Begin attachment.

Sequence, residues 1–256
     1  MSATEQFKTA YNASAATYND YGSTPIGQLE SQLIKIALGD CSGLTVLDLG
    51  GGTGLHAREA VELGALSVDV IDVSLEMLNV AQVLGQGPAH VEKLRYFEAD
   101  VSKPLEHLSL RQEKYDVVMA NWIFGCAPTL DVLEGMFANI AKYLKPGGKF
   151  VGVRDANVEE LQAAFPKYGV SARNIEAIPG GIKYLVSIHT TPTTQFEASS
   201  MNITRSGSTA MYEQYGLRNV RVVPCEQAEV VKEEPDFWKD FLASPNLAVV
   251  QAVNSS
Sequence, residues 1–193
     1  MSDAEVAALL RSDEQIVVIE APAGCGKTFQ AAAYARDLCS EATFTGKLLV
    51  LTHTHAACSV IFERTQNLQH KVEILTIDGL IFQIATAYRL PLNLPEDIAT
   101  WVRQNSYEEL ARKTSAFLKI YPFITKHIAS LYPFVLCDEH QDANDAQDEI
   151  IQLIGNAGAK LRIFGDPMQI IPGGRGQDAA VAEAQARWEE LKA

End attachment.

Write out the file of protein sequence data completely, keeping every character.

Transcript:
Sequence, residues 1–256
     1  MSATEQFKTA YNASAATYND YGSTPIGQLE SQLIKIALGD CSGLTVLDLG
    51  GGTGLHAREA VELGALSVDV IDVSLEMLNV AQVLGQGPAH VEKLRYFEAD
   101  VSKPLEHLSL RQEKYDVVMA NWIFGCAPTL DVLEGMFANI AKYLKPGGKF
   151  VGVRDANVEE LQAAFPKYGV SARNIEAIPG GIKYLVSIHT TPTTQFEASS
   201  MNITRSGSTA MYEQYGLRNV RVVPCEQAEV VKEEPDFWKD FLASPNLAVV
   251  QAVNSS
Sequence, residues 1–193
     1  MSDAEVAALL RSDEQIVVIE APAGCGKTFQ AAAYARDLCS EATFTGKLLV
    51  LTHTHAACSV IFERTQNLQH KVEILTIDGL IFQIATAYRL PLNLPEDIAT
   101  WVRQNSYEEL ARKTSAFLKI YPFITKHIAS LYPFVLCDEH QDANDAQDEI
   151  IQLIGNAGAK LRIFGDPMQI IPGGRGQDAA VAEAQARWEE LKA